Why does no one feel rich or even happy? That’s what Jeff Haden wants to know, given that the mega rich he knows complain about their situation. His examples of wealth are eye watering and yet each person in his examples feels that they still don’t have enough. If the very wealthy amongst us feel like this, where does that leave the rest of us? “Rich” it seems is a very elusive feeling.
But what is rich? Is it owning a mansion in a trendy suburb? Going on 5 star overseas holidays each year? Maybe it’s owning a yacht. Or having a net worth of at least $5 million as one survey suggests. Perhaps it’s never having to work again.
Jeff alludes to how impossible it is to feel rich, since us humans have a tendency to focus on what we don’t have. You can have a high income, but focus on how much you lose to tax. You can have a yacht and worry about how much it costs to run. You can have a Porsche and wish you had a Bugatti. Whatever that is…
While us mere mortals might convince ourselves that if we could afford a Porsche or a yacht, we would feel totally, unconditionally and deliriously rich, the reality is otherwise. After all, if you live in an industrialised country you might already be in the top 1% of world income. But that’s cold comfort when your friend is heading on another overseas odyssey, while you’re eating baked beans to save a house deposit.
The human mind is insatiable, so when using stuff as the only measure of rich, there is always more to be had. I blame it (and everything) on our caveman brain. In the days when the necessities of life were not at all assured, more was always better. More berries? Yes, please. A new, better tool for defending against a saber tooth tiger attack? You bet! A warmer more comfortable home, I mean cave? Sign me up for the mortgage!
Unfortunately, our brains haven’t got the software update for 2016. In evolutionary psychology they say that you can take the person out of the Stone Age, not the Stone Age out of the person. In fact there is a little bit of Neanderthal in all of us.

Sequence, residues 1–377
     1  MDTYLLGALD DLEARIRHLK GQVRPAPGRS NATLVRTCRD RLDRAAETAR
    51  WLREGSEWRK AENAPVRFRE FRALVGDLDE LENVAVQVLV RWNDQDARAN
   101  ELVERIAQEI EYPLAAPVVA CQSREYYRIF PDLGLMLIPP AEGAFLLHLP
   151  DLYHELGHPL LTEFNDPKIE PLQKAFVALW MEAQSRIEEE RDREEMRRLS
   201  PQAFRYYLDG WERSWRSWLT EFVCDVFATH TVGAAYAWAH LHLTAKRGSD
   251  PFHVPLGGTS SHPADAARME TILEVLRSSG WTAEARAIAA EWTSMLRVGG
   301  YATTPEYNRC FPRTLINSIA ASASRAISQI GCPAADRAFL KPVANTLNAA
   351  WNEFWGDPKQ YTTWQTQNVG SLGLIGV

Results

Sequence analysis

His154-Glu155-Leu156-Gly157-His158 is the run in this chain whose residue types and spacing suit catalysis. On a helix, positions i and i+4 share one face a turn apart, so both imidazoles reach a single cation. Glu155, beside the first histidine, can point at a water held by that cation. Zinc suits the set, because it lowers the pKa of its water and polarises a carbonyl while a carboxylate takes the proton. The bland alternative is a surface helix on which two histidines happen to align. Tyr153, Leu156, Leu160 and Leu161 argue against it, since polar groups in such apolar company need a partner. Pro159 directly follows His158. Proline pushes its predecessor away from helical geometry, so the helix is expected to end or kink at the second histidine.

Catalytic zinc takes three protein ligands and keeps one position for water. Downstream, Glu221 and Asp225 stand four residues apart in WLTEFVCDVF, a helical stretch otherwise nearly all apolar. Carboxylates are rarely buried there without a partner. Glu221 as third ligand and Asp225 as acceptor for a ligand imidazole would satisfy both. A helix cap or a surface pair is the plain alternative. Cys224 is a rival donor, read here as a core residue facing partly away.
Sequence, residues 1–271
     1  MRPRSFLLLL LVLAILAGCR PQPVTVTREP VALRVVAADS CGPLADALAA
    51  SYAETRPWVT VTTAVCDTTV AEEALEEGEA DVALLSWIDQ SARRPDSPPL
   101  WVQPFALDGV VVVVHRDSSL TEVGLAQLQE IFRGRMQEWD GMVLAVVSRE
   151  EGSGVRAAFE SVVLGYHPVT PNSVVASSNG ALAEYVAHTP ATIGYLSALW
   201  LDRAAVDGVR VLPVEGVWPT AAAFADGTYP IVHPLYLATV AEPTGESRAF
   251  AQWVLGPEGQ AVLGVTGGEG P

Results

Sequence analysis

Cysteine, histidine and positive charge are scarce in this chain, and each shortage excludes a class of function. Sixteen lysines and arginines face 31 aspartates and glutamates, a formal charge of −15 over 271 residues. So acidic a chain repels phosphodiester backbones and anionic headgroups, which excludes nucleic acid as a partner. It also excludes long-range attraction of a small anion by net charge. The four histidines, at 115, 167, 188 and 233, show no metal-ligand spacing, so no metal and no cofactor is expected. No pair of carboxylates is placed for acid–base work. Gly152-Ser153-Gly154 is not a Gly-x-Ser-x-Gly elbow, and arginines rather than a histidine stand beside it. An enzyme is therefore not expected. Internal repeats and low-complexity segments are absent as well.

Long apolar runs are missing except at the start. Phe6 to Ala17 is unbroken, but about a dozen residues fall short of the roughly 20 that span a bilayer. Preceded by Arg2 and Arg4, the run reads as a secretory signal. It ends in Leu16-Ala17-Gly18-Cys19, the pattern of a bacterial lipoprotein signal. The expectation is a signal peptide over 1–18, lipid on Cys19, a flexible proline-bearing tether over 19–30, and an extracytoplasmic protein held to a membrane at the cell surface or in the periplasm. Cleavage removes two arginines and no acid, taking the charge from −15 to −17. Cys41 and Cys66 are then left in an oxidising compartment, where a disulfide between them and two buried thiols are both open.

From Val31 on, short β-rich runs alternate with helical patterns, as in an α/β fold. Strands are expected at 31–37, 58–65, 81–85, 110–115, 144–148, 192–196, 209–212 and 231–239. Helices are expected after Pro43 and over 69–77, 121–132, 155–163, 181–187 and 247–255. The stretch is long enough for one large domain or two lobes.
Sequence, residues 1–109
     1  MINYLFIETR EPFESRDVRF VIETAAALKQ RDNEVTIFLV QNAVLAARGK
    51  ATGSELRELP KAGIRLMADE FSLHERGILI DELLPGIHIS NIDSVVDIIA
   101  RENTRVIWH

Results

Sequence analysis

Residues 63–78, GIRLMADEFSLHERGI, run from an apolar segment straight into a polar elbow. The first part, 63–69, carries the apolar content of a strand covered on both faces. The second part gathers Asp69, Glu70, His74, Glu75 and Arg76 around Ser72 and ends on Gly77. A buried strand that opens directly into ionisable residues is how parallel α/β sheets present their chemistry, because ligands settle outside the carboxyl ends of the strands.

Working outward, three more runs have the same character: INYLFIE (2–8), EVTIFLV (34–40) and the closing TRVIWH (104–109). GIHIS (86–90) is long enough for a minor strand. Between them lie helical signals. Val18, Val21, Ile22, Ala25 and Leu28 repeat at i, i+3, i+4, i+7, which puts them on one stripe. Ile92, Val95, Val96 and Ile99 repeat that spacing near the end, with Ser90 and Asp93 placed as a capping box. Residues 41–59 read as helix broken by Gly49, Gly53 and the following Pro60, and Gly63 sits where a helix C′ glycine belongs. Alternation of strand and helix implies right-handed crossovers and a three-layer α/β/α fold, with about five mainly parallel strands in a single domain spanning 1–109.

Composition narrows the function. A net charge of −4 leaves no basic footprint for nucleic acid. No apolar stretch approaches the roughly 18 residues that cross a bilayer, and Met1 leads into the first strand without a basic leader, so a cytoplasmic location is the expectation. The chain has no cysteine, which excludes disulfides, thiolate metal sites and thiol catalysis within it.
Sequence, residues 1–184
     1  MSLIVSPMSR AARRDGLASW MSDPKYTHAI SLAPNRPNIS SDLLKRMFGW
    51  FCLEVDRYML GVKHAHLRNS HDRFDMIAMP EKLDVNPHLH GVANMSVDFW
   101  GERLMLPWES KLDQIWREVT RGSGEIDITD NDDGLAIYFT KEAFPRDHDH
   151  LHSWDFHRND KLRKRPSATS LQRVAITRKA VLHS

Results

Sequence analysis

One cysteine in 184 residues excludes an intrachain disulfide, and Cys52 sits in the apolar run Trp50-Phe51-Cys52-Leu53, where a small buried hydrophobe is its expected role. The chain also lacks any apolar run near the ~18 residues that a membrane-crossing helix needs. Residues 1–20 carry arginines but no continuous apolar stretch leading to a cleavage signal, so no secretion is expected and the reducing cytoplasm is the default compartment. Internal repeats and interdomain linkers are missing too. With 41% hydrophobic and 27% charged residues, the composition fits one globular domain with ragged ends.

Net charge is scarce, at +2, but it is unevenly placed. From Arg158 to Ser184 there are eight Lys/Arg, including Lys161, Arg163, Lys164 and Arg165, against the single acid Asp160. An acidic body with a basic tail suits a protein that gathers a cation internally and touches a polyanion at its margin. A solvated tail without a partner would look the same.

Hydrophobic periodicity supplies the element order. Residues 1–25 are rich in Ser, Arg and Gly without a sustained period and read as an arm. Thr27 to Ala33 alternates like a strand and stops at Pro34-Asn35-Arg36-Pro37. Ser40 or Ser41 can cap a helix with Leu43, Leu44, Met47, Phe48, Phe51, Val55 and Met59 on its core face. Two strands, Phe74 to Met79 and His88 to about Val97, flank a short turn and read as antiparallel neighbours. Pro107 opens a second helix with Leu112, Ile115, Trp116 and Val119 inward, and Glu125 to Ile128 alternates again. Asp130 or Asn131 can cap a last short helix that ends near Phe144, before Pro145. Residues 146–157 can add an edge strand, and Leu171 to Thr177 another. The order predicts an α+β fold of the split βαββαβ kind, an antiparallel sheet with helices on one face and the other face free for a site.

Choosing how you feel
The trouble with the word “rich” is there’s no clear definition. Rich isn’t quantified in the dictionary, it’s defined by wishy washy terms such as ‘a great deal’, ‘plentiful’ and ‘abundant’. It’s a term that can’t be defined because being rich is relative and ultimately it’s just a feeling that isn’t actually determined by your net worth.
Right at this moment you can’t change how much you have, but you can reframe your situation. You can feel rich.
That doesn’t mean throwing away all ambition to improve your finances, or settling for a bad financial situation. It means looking for and acknowledging the abundance in your life right now. Regularly acknowledging the stuff that you normally take for granted shifts your focus to the things you have rather than the things you don’t.
Acknowledging this can make your life feel much more abundant in the here and now when you realise how much you already have in your life. And if you don’t believe me, try packing up everything you own and carrying it for a block or so.
Shift your focus this way and you will have found the real secret to feeling rich.
Pay attention to the positive
Starting a gratitude practice is easy and can be as simple or as formal as you find helpful. You could try a weekly journal, listing 5 things you’re grateful for or write each thought on a post-it note throughout the day. You could just share your thoughts with a friend or partner over dinner. I like to practise gratitude on the go, taking a few moments throughout the day to acknowledge the abundance in my life in any given moment.
I don’t own a yacht or a $5 million property portfolio, but through a regular gratitude practice I have learnt to feel rich. Today I have:
- Grocery bags full of food I can’t wait to eat;
- A warm house that’s keeping me dry and out of the rain;
- Time to write this post while my baby naps instead of having to go to work.
What makes you feel rich?